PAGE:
The push for more renewables usage across the US may initially seem like a hurdle for the natural gas industry to leap over, but panelists at last week’s North American Gas Forum in Washington, D.C., argued that synergy and innovation in both sectors can help address surging demand both domestically and across the world.
Even though Jeff Stein, an American Petroleum Institute market development policy adviser, believes that natural gas and renewables could each stand alone, he argued that the two sectors can bolster one another and make progress on carbon-reduction goals.
“Natural gas isn’t just the backup of renewable energy,” said Stein, adding that “natural gas will be the foundation for a grid that is cleaner, flexible and more dynamic.”
Melanie Kenderdine of the Energy Futures Initiative noted that “the biggest challenge is climate change and what the challenges are” and that “there is both a world for natural gas and renewables.”
She described predicted increases in global population as an impending energy crisis, with a need for countries such as Nigeria and India to have access to ever-greater amounts of energy in a way that pollutes less.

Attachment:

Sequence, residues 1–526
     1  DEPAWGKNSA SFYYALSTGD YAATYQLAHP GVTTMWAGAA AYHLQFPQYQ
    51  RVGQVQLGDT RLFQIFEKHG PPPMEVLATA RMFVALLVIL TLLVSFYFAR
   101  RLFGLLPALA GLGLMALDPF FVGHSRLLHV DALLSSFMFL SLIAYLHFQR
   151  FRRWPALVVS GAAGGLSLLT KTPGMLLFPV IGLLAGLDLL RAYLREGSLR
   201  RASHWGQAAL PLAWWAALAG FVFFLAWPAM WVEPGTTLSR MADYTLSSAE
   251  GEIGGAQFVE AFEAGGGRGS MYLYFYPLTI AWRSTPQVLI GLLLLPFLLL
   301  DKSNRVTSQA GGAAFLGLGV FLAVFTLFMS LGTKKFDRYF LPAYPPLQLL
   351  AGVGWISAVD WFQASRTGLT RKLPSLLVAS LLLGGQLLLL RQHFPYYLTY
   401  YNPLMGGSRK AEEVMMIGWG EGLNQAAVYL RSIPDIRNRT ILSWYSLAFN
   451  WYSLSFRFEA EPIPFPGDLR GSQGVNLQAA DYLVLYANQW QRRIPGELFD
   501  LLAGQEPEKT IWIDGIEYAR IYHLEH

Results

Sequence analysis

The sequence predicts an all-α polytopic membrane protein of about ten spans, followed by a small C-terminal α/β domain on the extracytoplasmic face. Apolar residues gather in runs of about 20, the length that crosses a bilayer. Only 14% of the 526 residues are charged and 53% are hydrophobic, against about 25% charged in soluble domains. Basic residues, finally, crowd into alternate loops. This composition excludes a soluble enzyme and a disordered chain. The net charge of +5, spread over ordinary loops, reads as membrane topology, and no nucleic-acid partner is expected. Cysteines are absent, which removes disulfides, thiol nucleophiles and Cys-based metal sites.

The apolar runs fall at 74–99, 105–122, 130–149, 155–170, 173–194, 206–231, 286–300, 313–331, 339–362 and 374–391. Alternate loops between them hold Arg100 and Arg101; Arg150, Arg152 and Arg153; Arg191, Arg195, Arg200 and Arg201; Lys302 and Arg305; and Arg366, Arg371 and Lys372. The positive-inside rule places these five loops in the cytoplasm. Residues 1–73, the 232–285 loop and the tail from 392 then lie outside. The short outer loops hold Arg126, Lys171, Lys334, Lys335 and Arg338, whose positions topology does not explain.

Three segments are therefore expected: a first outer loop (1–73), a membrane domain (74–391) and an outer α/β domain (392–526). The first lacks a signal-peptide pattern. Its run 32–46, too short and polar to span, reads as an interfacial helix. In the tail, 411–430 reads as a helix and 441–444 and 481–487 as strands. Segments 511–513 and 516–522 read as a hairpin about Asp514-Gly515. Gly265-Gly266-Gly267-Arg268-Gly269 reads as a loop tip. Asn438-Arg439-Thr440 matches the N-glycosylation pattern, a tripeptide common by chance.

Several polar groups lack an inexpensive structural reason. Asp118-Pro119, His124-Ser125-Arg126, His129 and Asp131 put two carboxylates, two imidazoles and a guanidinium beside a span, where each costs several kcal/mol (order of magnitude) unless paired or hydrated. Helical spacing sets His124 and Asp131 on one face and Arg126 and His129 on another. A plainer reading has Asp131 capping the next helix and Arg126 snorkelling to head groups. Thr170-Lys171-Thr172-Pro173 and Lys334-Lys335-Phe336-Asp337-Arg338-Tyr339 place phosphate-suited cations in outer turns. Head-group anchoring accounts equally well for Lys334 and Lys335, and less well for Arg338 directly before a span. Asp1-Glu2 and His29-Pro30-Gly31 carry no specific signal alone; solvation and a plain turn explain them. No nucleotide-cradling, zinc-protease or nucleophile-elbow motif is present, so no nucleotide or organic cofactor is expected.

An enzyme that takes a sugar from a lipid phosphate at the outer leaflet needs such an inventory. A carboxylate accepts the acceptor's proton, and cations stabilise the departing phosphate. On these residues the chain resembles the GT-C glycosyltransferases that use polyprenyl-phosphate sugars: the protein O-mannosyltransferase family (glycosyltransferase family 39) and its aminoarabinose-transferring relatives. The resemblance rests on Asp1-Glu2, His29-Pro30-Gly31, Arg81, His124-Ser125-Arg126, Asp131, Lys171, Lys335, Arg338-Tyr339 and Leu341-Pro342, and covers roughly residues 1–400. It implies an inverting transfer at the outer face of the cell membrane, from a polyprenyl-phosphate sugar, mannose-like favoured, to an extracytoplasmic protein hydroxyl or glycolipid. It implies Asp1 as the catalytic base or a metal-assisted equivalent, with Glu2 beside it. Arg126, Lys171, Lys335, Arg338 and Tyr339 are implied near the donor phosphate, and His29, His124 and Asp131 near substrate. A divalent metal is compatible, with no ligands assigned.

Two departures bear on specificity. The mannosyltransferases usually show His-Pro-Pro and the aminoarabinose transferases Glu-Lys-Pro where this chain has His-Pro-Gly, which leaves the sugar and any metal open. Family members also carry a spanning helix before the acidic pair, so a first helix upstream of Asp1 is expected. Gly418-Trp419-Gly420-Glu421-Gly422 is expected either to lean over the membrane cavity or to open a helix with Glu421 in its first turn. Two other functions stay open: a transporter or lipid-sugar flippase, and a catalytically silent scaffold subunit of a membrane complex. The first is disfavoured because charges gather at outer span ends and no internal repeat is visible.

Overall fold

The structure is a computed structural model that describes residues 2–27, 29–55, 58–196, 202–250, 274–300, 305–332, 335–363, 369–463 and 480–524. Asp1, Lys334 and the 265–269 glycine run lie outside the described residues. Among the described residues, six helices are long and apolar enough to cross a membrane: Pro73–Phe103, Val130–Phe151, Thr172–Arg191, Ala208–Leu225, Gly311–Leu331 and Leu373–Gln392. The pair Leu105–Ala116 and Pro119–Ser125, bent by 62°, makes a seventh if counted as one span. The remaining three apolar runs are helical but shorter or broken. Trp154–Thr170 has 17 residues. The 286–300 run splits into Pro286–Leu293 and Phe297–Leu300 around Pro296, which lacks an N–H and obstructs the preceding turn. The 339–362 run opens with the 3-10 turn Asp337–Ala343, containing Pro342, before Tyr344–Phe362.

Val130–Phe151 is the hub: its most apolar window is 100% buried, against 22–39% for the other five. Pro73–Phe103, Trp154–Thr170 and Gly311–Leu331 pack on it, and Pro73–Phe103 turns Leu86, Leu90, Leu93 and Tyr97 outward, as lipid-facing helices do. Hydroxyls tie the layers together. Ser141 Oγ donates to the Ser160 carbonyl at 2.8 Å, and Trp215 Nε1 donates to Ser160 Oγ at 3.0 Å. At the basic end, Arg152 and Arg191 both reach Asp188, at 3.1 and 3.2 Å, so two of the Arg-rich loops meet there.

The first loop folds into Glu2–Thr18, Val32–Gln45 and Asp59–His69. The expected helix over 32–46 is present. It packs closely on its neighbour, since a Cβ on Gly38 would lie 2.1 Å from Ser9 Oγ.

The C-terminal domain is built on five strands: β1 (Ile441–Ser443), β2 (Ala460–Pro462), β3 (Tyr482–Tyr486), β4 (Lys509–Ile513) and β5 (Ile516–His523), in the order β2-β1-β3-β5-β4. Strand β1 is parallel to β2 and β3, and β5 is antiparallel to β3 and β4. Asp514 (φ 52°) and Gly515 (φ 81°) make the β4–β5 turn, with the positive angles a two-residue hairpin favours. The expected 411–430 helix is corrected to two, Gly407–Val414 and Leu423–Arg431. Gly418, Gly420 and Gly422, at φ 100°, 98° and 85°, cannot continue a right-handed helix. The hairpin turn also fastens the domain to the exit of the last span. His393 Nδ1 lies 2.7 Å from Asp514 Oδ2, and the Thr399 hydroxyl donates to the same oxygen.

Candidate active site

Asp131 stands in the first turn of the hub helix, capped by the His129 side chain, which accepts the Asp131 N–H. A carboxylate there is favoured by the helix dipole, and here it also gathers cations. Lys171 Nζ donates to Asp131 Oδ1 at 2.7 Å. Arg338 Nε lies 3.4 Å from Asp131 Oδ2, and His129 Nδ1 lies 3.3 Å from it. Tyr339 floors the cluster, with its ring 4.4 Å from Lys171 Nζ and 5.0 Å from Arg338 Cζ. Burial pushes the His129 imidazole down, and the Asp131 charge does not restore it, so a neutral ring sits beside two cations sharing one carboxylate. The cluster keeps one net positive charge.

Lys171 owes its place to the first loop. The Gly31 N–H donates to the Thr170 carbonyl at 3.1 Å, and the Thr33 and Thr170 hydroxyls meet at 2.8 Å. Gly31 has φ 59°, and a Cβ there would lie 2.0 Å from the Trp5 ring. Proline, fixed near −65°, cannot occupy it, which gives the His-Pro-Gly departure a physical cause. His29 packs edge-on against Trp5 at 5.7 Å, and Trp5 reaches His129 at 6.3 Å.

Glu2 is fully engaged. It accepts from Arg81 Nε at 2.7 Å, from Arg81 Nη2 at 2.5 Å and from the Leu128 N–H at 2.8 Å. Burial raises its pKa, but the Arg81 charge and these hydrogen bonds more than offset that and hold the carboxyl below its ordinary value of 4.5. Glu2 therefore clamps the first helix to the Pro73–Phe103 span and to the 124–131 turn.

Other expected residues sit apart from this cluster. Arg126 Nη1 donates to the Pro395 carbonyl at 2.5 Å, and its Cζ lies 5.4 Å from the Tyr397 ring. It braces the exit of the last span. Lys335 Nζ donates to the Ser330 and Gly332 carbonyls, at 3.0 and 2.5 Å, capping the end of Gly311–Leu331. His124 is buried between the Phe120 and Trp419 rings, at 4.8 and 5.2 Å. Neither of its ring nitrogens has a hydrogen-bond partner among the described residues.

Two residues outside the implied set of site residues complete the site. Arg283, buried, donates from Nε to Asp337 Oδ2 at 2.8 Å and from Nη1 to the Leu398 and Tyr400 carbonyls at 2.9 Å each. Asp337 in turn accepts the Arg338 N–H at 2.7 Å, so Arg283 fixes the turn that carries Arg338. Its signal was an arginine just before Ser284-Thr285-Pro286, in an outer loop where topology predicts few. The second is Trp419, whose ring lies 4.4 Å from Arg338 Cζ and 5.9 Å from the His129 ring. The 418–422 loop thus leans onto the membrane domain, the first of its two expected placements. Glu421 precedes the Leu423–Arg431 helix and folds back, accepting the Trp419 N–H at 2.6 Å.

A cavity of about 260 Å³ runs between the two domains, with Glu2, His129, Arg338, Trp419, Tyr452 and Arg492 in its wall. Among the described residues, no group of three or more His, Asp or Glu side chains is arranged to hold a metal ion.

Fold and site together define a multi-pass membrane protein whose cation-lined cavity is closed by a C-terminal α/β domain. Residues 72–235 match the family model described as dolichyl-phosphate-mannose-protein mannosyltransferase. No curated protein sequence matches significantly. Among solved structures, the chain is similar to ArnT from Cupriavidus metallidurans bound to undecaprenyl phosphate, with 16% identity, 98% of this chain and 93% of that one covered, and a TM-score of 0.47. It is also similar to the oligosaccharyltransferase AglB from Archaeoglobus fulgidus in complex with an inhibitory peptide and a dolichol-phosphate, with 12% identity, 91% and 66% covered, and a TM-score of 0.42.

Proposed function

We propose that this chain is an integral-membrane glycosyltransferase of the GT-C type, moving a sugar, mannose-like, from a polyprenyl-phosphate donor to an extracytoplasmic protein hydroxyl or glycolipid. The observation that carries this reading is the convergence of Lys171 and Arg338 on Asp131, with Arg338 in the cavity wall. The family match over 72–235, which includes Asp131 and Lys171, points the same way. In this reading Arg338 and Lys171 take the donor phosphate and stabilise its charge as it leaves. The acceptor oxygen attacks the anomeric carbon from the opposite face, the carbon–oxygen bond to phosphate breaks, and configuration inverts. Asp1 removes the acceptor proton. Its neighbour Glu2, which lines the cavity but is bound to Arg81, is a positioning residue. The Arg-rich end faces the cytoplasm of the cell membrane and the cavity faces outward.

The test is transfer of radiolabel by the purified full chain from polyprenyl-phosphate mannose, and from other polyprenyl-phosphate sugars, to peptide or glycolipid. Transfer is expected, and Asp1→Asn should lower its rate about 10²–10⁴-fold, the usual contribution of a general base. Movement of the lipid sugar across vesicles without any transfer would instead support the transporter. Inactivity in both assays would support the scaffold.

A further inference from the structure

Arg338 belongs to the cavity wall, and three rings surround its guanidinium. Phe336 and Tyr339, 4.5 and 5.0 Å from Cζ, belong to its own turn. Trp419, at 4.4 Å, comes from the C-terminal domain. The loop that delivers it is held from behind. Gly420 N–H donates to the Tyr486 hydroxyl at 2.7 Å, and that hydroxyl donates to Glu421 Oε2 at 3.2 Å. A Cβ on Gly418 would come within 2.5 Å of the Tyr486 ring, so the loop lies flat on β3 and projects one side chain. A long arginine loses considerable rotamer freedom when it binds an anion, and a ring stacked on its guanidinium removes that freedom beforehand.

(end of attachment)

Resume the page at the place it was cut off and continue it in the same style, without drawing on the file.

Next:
“We need to be upping the urgency in thinking through how these different energy sources work together in a carbon-restrained world,” added Bob Perciasepe, president of the Center for Climate and Energy Solutions. Much of the carbon dioxide emissions reductions in the US can be chalked up to the “emergence of natural gas and […] its availability and price” and the growth of the renewables sector. In his eyes, responding to increased energy demand will only be successfully done through growing both of these industries.
Like Kenderdine, Stein noted the need to address increasing energy demand from developing nations, where the ability to “marry” poverty and sustainability goals will be essential to unlocking further clean-grid targets. Successful industrial synergy between natural gas and renewables will require the integration of newer technologies to support one another in a reliable manner that allows for demand fluctuation.
“It’s very scary, but very exciting, to see where technology will lead us,” said Martin Keller, the National Renewable Energy Laboratory’s director.